Athletes are often tempted to take dietary or sports supplements.
- protein shakes
- energy drinks
- herbal remedies
- meal replacements
- products which claim to assist weight loss or provide energy during workouts
- or products which claim to assist muscle development etc.
As a coach you should encourage athletes to treat supplements with caution because:
- supplements could contain substances which are banned in sport
- supplements may not have adequate quality control or accurately label ingredients so you cannot be sure of exactly what’s in them.
- supplements frequently do not provide the benefits they claim.
A number of Drug Free Sport NZ’s positive tests in recent years have been as a result of prohibited substances found in supplements so it’s important that athletes are aware of the risks they take if they consume these products.
A recent UK study of supplements chosen because they appeared to contain anabolic agents due to the name of the product, the ingredients listed, or the nature of their advertising found that 23 of the 24 products tested contained anabolic steroids. An earlier study funded by the International Olympic Committee (IOC) in 2001 of nutritional supplements found that of the 600-plus supplements tested, around 15 per cent contained steroids or related compounds which were not listed on the label.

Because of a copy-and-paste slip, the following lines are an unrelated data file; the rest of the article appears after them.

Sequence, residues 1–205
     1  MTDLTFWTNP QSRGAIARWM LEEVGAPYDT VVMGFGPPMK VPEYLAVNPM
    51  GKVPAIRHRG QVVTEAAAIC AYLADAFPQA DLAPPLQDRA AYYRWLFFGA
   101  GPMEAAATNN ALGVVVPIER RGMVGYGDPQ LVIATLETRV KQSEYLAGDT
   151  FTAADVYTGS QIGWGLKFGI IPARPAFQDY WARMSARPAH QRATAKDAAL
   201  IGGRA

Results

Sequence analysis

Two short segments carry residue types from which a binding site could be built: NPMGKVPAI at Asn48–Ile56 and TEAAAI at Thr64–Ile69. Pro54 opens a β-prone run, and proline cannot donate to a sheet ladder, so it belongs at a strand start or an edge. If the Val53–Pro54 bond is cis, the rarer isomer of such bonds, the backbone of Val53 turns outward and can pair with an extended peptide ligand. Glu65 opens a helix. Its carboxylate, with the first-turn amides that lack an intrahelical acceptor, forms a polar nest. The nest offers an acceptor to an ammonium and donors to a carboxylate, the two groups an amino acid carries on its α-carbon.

And an earlier study funded by the International Olympic Committee (IOC) in 2001 of nutritional supplements found that of the 600-plus supplements tested, around 15 per cent contained steroids or related compounds which were not listed on the label.
Most recently in 2016, an Australian survey found that out of 69 pre-workout supplements randomly tested off the shelf, 19 per cent contained substances prohibited in sport.
You can help athletes who are tempted to take supplements by encouraging them to focus on diet and nutrition instead. The following resources may be helpful:
- the Olympic Committee’s Medical Commission’s Nutrition for Athletes
- the United States Anti-Doping Agency’s Nutrition Guide
- NZ’s Millennium Institute of Sport and Health and Nestlé have put together a collection of nutrition advice sheets for specific sports.
If an athlete does decide to take supplements, encourage them to gather as much information about the supplement they intend to take as possible.
Athletes take any supplement at their own risk and Drug Free Sport NZ cannot guarantee any supplement, but you can check the risks associated some of the more common products available in New Zealand here.